Wednesday, January 25, 2017


Quotes are always good for the journal. One of my all time favorites is by artist Chuck Close, and it has become sort of my motto. "Inspiration is for amateurs. The rest of us just show up and get to work."

Too many people think that visual art, or music, or literature, or any art form comes into being as a piece of divine inspiration. As if the heavens opened up and from out of the ether, the idea was formed. Unfortunately, throughout the centuries, artists, musicians, writers, and such have done little to dispel this notion.

It is simple, art is work, but it's easy to work when things are going well. When your in the mood, its easy to pick up the brush, the pen, the guitar. But if you only worked when you were inspired or when conditions were right, you wouldn't work much, and your art would not be very good. So, when you don't feel like working, you work. When you're tired and sick, you work. When there are a million things to do, you work. That is how you become an artist.


Unknown said...
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Unknown said...

This quote has been rolling around in my head since it was posted. There are multifaceted implications in interpretation. One can sit and do nothing; passively waiting for inspiration. For me, more often than not, inspiration makes me acutely aware of what I lack in skill. Over the last few weeks I have been mindful of my thought processes and at what point inspiration becomes demotivating. It has led to an incredible shift in my perspective on art. When considering something, I am now discovering what is tickling my brain about a specific piece. Instead of merely knowing I like something or trying to figure out what the artist was thinking, I am drawn to the movement, layers, brush strokes, colors, etc. It is more of an appreciation than admiration an is helping me to incorporate the elements that captivate me into my own project (even at the gym, while dancing, cleaning, etc.) everything is becoming a medium for artistic expression...even drawing in the Windex as it drips before I wash the window...little fleeting works that will probably forever be forgotten, but help me grow and develop. For me, the getting to work part is the intentional, mindful, seeking of inspiration at any given moment; looking at what is happening right in front of me and capturing the smallest thing and giving it attention and nurturing its growth even IF the end result is not what I expected, desired, or intended. It is intentional development of habit that becomes alive and free in my spontaneity. All of it leads to improving skills and abilities, just like exercise leads to strength and cardiovascular benefits.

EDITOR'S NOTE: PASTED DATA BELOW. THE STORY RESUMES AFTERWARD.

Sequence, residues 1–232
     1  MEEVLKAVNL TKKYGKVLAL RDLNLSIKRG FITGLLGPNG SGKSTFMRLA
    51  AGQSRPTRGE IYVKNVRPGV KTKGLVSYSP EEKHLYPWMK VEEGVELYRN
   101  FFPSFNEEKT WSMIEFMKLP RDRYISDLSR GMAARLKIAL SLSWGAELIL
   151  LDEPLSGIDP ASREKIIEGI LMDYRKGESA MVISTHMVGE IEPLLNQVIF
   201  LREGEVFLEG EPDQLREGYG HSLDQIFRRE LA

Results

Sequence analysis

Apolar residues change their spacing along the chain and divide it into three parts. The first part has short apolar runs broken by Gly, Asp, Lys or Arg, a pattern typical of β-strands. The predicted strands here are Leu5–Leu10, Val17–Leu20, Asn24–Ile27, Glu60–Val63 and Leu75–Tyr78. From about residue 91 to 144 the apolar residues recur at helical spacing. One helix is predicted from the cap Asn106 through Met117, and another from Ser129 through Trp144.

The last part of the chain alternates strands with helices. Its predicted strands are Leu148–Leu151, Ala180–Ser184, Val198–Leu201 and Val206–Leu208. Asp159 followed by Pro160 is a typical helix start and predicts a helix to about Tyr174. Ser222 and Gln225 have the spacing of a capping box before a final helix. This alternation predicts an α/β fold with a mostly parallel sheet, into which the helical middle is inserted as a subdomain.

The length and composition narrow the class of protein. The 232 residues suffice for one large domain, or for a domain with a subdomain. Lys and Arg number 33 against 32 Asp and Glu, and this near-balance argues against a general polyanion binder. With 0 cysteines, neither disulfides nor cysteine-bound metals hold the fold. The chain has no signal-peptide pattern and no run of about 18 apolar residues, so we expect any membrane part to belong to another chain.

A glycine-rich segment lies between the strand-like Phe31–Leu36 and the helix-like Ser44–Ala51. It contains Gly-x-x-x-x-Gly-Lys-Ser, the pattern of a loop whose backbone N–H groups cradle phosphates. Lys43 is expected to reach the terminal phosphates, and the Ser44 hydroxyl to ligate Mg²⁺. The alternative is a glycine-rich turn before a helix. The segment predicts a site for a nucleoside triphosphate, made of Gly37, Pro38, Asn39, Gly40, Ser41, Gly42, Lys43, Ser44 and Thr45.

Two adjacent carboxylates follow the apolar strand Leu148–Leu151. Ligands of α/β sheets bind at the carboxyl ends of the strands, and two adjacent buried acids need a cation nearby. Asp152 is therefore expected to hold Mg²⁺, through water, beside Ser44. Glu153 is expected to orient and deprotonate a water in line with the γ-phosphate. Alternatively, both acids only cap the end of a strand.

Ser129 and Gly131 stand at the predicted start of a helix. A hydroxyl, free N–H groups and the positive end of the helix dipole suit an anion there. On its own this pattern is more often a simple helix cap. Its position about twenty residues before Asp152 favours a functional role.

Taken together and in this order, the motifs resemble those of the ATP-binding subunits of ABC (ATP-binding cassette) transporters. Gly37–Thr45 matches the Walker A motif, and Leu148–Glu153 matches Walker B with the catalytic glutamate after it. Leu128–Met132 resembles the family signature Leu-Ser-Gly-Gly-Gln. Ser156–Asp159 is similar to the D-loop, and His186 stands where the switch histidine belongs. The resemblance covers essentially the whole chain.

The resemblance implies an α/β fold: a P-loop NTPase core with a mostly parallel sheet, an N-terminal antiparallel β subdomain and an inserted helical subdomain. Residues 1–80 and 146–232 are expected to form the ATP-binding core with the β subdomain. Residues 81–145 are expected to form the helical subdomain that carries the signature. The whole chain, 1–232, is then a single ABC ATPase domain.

Eric said...